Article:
On the contrary, it is the examiner who is in the position of a fiduciary with reference to the examining body, and he is barred from disclosing the contents of the answer book or the result of evaluation of the answer book to anyone other than the examining body, the Bench observed.

Exemption

The Bench, however, made it clear that if the examinees were to be given access to evaluated answer books either by permitting inspection or by granting certified copies, such access would have to be given only to that part of the answer book which does not contain any information or signature of the examiners/coordinators/scrutinisers/head examiners, and this could be exempted from disclosure under the Act. This part of the information about the examiners must be removed, covered or severed from the non-exempted part of the answer books, the Bench ruled. The Bench also added that the right to access information about answer books did not extend beyond the period during which the examining body is expected to retain the answer books. The CBSE maintains the answer books for a period of three months, after which it is liable to dispose of or destroy them.

Information-seekers have generally welcomed the Bench's directions in the case. However, some of the Bench's observations on the scope of the RTI Act and the conditions subject to which information should be furnished have been of concern to them. They feel it is surprising that the Bench made these observations even though they were not at all relevant to the case before it.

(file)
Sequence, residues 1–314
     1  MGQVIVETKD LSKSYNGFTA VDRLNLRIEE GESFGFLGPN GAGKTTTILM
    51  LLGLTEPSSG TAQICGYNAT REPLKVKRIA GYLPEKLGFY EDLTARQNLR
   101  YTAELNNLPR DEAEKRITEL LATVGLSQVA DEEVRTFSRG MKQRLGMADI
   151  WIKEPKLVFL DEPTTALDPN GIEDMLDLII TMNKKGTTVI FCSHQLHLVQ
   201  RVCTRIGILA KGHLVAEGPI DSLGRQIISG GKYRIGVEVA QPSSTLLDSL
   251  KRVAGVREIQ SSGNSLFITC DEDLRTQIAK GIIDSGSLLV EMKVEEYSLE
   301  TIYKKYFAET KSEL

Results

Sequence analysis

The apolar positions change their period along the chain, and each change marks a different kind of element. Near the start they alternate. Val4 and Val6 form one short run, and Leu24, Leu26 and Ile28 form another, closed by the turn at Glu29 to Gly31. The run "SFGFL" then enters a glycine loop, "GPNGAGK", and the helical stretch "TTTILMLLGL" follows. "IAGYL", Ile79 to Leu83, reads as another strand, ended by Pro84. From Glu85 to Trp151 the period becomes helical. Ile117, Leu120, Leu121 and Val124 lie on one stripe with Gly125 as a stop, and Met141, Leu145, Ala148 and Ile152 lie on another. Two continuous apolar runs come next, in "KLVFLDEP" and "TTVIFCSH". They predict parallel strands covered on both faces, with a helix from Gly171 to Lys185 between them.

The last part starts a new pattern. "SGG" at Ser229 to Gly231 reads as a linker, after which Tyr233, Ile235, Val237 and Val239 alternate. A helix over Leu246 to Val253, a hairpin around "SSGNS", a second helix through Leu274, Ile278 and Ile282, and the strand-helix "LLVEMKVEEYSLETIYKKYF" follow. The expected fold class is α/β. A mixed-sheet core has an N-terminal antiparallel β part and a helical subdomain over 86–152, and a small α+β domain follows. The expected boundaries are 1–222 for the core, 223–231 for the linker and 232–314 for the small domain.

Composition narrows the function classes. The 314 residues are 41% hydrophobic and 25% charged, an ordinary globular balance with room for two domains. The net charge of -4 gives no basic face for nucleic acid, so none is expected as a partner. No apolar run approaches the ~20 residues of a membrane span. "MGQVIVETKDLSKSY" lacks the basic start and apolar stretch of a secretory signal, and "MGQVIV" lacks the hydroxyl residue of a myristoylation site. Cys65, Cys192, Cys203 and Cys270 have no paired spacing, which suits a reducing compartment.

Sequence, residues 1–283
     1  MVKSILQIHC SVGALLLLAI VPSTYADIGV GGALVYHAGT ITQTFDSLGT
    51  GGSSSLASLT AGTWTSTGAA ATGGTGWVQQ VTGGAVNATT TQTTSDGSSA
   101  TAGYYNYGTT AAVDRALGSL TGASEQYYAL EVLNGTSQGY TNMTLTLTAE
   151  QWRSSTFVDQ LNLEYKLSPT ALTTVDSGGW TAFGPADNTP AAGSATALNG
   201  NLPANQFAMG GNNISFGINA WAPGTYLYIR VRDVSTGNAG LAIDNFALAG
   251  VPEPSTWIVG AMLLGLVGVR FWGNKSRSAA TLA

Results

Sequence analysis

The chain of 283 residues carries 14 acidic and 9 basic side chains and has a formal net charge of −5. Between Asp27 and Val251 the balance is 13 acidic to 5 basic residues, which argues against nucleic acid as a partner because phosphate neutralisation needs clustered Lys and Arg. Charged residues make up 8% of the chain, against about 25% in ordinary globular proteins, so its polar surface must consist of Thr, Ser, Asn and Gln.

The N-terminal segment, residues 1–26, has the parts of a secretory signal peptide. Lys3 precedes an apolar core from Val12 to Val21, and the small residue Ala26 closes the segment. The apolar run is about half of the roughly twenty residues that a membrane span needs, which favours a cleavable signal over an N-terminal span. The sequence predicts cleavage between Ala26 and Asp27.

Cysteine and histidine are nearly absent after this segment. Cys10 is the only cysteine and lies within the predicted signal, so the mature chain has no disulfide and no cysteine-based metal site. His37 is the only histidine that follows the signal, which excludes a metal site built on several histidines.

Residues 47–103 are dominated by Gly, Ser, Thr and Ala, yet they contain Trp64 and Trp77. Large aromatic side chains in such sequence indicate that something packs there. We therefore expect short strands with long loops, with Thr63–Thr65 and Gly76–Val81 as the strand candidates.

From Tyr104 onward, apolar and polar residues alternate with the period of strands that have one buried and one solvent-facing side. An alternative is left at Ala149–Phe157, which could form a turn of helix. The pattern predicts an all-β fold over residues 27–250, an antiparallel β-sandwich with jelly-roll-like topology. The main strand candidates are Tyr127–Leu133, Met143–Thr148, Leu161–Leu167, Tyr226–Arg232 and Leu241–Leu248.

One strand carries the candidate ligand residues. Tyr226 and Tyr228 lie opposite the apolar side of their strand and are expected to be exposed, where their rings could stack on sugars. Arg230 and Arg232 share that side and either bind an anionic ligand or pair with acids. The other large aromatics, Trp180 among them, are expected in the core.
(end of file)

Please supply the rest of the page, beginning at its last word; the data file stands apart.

The Bench observed that a public authority was not required to collect or collate non-available information and then furnish it to an applicant. A public authority, the Bench held, was also not required to furnish information which required the drawing of inferences and/or the making of assumptions.

The Bench added that indiscriminate and impractical demands or directions under the RTI Act for disclosure of all and sundry information (unrelated to transparency and accountability in the functioning of public authorities and eradication of corruption) would be counterproductive as it would adversely affect the efficiency of administration and result in the executive getting bogged down with the non-productive work of collecting and furnishing information.

Information-seekers are concerned that the authorities may take refuge under these observations of the Bench and deny them information. They are disappointed that the Bench described the work of collecting and furnishing information as non-productive work. In most cases before the Information Commissions, the authorities are called upon to collect and collate information which may not be readily available but which could be gathered with some effort. The Bench's observations, it is feared, will come in the way of Central and State Information Commissions seeking to achieve the objectives of the Act.

More important, under the Act, the authorities are not expected to question the objectives of the information-seekers. Therefore, the Bench's observation that demands for information must be related to transparency and accountability in the functioning of public authorities and eradication of corruption may unnecessarily endow the authorities with unnecessary discretion in examining the motives of the information-seekers.

Clearly, many feel, these observations are against the spirit of the RTI Act, and it would be in the Act's interest if they were considered obiter dicta rather than binding on the authorities and the Information Commissions.